Map of proposed Potomac Yard metro design
After years of planning, Potomac Yard Metro is starting to come together. But for many local residents, the arrival of the new Metro station comes with some remaining hurdles.
The ongoing Potomac Yard Metro Station development received two major updates in the first week of June. The first was the release of the Potomac Yard Metrorail Station final Environmental Impact Statement. The document summarizes the potential impacts on the nearby neighborhoods and parks. The second update was the approval of a master plan amendment, a zoning change, and three development special use permits (DSUP) at the June 7 Planning Commission meeting. The changes approved at the Planning Commission divide and rezone portions of Potomac Yard and Potomac Greens to be utilized for the purposes of Metro construction.
Several citizens from Potomac Yard and Potomac Greens spoke at the meeting and expressed concerns Planning Commission Chair Mary Lyman summarized as those centered around the cost of the station and the traffic impact on the local neighborhood. Given that the most recent Metro station construction, NoMa-Gallaudet U in northeast D.C. overran its initial construction budget by 37 percent, some residents expressed concerns that city staff’s project cost overrun only planned for up to 15 percent. Lyman said she heard and recognized the cost concerns, but that those were issues better handled by the City Council than the Planning Commission.
When asked for a specific number for the cost of the project, Mitch Bernstein, director of Project Implementation, said that the full cost of the project won’t be known until the city settles on a construction bid.
The Environmental Impact Statement compared the effects of the no-build alternative to the preferred alternative, Alternative B selected by City Council in May 2015. While the two updates are mostly unrelated, the Environmental Impact Statement provided some of the answers to questions raised at the Planning Commission meeting. The estimate of capital costs for the Potomac Yard project range from $160 million to a high of $316 million. The cost to the city is to be funded by projected net new tax revenues near the station, two special tax districts in Potomac Yard, and contributions from developers.
Poul Hertel, a resident of Fairfax, raised concerns about the station’s impact on views from the George Washington Memorial Parkway, both in a discussion during the Planning Commission meeting and in an extensive letter detailing the history and purpose of the parkway. Hertel accused the city of pressuring the federal government into acquiescing to the impacts of the station on the parkway view.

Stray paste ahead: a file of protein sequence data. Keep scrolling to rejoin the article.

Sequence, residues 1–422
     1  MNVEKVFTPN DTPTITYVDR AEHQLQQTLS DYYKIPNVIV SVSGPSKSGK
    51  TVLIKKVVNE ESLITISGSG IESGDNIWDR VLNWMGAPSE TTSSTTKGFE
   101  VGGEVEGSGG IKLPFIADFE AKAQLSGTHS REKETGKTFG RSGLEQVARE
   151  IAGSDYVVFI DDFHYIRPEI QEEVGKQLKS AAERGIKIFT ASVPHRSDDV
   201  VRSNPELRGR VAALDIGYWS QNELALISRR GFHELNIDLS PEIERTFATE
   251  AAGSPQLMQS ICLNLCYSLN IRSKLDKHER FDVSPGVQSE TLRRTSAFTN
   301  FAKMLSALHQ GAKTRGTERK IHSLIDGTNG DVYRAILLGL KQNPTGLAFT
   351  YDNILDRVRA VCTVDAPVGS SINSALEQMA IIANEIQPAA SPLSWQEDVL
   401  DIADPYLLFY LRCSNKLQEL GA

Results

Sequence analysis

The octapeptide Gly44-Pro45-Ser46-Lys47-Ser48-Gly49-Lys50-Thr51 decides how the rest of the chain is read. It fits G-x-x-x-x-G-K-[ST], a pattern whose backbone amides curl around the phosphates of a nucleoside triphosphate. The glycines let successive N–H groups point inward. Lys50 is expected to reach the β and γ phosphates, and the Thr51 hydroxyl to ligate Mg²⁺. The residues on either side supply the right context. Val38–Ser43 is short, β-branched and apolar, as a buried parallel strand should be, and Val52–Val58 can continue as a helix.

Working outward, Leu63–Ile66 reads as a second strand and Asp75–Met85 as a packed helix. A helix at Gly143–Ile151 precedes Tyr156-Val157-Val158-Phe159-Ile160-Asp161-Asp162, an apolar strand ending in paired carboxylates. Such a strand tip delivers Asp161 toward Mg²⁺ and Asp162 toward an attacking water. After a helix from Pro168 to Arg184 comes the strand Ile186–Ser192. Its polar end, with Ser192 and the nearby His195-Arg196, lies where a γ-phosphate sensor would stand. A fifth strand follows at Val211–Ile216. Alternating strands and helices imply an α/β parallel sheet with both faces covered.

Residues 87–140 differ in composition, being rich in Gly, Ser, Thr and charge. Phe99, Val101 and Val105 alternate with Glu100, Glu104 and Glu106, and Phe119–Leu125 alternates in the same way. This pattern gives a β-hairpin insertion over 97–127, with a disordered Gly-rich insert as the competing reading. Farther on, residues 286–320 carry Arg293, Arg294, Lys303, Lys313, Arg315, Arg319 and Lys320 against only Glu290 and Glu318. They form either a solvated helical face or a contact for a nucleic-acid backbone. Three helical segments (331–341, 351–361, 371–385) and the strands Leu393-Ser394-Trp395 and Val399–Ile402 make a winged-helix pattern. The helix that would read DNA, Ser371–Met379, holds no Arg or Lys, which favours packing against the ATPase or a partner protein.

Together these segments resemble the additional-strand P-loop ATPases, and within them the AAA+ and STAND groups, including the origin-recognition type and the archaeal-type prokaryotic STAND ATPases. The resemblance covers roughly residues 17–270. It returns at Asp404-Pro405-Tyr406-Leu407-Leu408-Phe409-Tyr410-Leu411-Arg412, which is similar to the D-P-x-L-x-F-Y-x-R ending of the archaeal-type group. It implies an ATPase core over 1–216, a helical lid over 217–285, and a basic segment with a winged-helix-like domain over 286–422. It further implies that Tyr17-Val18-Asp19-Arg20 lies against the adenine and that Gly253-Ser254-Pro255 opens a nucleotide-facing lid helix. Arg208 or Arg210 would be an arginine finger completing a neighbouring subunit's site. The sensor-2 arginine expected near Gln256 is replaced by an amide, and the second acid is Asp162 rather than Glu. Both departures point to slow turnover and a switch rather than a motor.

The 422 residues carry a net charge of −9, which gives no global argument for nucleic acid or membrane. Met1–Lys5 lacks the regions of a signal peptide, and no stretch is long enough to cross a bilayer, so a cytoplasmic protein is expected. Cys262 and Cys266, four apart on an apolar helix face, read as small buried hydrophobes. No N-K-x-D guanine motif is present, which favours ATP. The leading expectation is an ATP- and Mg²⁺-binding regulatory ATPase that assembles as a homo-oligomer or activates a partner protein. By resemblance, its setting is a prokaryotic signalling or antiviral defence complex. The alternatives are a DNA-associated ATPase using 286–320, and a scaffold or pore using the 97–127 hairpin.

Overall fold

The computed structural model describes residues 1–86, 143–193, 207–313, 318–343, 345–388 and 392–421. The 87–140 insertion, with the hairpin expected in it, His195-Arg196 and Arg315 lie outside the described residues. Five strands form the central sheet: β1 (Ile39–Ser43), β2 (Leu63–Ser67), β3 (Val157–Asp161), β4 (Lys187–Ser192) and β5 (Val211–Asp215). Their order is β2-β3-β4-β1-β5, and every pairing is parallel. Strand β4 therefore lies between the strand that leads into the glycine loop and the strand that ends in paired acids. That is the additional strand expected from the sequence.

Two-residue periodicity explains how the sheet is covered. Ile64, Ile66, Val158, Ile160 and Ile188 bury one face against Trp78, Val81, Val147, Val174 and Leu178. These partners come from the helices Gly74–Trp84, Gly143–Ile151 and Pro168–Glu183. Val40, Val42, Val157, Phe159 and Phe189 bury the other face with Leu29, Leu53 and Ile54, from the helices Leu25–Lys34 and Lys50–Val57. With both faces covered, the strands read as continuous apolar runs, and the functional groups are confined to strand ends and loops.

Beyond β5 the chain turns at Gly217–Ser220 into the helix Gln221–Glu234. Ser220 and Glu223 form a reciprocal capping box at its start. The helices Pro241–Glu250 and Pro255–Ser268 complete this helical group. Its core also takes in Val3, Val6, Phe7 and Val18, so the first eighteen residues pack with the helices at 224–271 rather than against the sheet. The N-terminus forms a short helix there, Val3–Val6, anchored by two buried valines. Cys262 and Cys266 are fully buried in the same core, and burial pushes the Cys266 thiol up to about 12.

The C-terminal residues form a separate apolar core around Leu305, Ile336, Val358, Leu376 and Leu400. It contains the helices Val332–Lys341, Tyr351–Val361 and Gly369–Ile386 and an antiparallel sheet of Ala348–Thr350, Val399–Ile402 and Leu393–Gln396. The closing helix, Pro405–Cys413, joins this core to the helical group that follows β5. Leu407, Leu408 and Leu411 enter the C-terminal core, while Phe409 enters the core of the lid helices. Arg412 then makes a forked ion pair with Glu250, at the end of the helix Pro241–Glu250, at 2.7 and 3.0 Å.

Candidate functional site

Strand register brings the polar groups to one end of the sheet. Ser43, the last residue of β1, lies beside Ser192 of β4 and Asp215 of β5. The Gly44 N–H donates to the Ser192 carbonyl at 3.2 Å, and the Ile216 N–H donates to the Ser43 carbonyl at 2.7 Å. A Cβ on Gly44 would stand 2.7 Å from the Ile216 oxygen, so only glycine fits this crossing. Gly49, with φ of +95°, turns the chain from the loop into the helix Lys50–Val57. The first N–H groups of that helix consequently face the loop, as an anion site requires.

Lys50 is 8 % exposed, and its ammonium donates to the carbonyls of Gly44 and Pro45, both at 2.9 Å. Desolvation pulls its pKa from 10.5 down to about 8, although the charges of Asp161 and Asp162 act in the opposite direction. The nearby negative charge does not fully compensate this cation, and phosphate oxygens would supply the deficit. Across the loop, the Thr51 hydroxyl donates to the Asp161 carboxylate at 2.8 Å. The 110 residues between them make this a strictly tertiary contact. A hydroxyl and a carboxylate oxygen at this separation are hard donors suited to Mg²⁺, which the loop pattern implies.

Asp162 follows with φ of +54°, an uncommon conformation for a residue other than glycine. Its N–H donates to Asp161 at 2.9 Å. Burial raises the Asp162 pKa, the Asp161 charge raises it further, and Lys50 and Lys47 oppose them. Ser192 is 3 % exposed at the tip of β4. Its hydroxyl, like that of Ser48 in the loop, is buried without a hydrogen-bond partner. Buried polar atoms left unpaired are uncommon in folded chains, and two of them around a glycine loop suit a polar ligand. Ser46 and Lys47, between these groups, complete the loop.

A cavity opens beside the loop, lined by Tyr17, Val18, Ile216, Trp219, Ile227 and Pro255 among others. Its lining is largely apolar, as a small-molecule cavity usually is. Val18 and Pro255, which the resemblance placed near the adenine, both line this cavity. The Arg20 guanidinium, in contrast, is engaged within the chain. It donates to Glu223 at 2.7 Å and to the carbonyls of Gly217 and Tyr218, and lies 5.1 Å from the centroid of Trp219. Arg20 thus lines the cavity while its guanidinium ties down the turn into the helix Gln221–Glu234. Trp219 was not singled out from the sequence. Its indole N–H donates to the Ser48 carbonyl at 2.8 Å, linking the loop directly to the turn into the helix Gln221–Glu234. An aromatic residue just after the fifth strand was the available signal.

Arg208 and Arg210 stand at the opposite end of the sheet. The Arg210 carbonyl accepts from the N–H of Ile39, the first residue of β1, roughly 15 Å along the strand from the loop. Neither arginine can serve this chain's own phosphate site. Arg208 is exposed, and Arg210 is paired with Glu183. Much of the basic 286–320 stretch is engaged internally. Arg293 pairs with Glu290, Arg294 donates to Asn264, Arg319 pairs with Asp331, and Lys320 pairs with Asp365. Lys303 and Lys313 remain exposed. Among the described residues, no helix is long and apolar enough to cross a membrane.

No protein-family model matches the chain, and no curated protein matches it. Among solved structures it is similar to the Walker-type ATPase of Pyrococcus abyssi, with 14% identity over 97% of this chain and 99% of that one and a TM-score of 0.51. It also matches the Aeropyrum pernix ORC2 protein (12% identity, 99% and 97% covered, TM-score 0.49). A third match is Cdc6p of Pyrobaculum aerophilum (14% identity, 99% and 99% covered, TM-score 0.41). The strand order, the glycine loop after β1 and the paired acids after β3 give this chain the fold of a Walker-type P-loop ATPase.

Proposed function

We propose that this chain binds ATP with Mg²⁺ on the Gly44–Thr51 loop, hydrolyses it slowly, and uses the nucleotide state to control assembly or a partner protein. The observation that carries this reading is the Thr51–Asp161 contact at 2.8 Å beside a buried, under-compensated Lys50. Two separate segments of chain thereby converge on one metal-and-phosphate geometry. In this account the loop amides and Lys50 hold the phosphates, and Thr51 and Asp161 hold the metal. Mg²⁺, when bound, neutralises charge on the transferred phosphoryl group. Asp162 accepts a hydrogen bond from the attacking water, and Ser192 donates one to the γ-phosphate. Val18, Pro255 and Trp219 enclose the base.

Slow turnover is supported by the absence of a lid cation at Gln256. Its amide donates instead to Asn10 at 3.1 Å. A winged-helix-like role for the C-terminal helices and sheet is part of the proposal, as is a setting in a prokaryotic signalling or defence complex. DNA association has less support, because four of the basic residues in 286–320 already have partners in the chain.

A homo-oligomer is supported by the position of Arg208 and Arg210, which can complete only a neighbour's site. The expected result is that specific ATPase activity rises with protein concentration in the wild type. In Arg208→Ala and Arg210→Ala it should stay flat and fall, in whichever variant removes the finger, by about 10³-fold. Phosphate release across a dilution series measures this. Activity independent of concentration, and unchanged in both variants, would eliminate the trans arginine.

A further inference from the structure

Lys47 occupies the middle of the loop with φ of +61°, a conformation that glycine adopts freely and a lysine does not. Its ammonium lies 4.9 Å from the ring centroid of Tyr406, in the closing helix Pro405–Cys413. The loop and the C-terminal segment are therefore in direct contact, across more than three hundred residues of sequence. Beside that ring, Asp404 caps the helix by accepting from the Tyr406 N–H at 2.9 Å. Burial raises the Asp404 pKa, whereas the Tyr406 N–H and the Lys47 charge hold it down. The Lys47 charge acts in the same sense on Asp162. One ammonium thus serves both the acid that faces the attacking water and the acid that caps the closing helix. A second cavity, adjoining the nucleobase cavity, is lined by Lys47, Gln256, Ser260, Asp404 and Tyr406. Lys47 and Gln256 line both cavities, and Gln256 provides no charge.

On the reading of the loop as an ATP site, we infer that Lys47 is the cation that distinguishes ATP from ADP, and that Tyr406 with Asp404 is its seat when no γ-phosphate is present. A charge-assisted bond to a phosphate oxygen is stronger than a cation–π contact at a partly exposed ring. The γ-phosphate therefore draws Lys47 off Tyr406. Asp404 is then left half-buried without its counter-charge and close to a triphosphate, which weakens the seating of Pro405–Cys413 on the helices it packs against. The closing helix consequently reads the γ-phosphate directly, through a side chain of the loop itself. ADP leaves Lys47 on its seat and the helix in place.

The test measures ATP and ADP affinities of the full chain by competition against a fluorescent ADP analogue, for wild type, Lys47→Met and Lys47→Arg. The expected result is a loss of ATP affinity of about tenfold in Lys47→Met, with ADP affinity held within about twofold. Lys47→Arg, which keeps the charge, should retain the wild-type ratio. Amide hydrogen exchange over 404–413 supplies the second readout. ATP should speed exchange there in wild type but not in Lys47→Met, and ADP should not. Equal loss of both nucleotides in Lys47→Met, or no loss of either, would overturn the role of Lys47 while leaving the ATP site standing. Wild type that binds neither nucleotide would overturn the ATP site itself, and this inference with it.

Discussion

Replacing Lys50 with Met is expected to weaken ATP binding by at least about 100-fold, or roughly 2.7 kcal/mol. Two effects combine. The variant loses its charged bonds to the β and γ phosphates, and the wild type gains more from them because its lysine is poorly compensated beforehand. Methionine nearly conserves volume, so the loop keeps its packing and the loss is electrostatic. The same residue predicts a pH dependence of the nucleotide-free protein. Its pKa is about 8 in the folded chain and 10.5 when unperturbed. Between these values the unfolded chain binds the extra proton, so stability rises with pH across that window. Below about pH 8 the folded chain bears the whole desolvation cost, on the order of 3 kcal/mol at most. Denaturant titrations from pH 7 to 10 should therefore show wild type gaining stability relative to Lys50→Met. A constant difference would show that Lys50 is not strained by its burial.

The Environmental Impact Statement noted that there would be impacts on the views from the George Washington Memorial Parkway, but also noted that the development makes efforts to mitigate that impact.
“The Preferred Alternative would impact views from the George Washington Memorial Parkway … due to the introduction of new visual elements and removal of vegetation for construction access and staging areas,” according to the Environmental Impact Statement. “New visual elements include the station and pedestrian bridges. Under Station Design Option 1 for the Preferred Alternative, the new visual elements would also include retaining walls adjacent to the realigned tracks.”
Resident Rafael Lima expressed concerns that the station could have a negative impact on parking in the neighborhoods. Lima was particularly concerned that the city’s response seemed reactive. There are currently no parking restrictions on the streets closest to the Potomac Yard Metro station. The report on the project says that, under city regulations, the problem has to be shown to exist before the city will amend parking condition requirements. For local residents, this means the Metro station’s effect on parking will have to take place before anything can be done to keep the Metro station from impacting local parking. To change parking conditions, 75 percent of parking spaces in the neighborhood must be occupied, 25 percent of that occupation by non-residents of the proposed district.
This parking issue is made worse by the fact that, being classified as a transit station, there is no requirement for parking in the city’s zoning ordinance.
“During the early planning stages for the Metrorail station, a decision was made to make this an urban station with no designated parking, and no designated drop-off area or Kiss and Ride,” said the report. “While some vehicular drop-off will likely occur, the design tries to discourage this by not including a designated or convenient drop off area.”
Planning commissioners expressed similar concerns about parking, but it was not enough to deter the commission from a unanimous vote in favor of the changes. Commissioner David Brown questioned the feasibility of not having drop off access, but said that this was the kind of change staff can continue to look at as the design goes forward.
“But that’s all part, in my mind, of fine tuning an implementation that has to come down the road,” said Brown. “I have heard nothing tonight that in any way shakes my confidence that staff has done a thorough job here. A lot of what I’ve heard from the community is still stuff that can be addressed down the road that we can still revisit as appropriate.”